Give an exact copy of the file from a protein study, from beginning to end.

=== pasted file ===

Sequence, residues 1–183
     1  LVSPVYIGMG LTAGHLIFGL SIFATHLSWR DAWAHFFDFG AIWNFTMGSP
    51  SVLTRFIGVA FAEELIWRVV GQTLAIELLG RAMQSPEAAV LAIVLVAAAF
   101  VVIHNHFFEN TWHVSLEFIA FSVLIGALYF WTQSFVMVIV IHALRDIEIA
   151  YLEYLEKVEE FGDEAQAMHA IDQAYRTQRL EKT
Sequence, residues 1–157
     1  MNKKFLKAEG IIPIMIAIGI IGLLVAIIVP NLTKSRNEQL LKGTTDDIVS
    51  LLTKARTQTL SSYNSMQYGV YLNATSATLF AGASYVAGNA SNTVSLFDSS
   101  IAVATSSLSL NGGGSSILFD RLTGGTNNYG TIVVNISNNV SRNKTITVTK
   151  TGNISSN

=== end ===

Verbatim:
Sequence, residues 1–183
     1  LVSPVYIGMG LTAGHLIFGL SIFATHLSWR DAWAHFFDFG AIWNFTMGSP
    51  SVLTRFIGVA FAEELIWRVV GQTLAIELLG RAMQSPEAAV LAIVLVAAAF
   101  VVIHNHFFEN TWHVSLEFIA FSVLIGALYF WTQSFVMVIV IHALRDIEIA
   151  YLEYLEKVEE FGDEAQAMHA IDQAYRTQRL EKT
Sequence, residues 1–157
     1  MNKKFLKAEG IIPIMIAIGI IGLLVAIIVP NLTKSRNEQL LKGTTDDIVS
    51  LLTKARTQTL SSYNSMQYGV YLNATSATLF AGASYVAGNA SNTVSLFDSS
   101  IAVATSSLSL NGGGSSILFD RLTGGTNNYG TIVVNISNNV SRNKTITVTK
   151  TGNISSN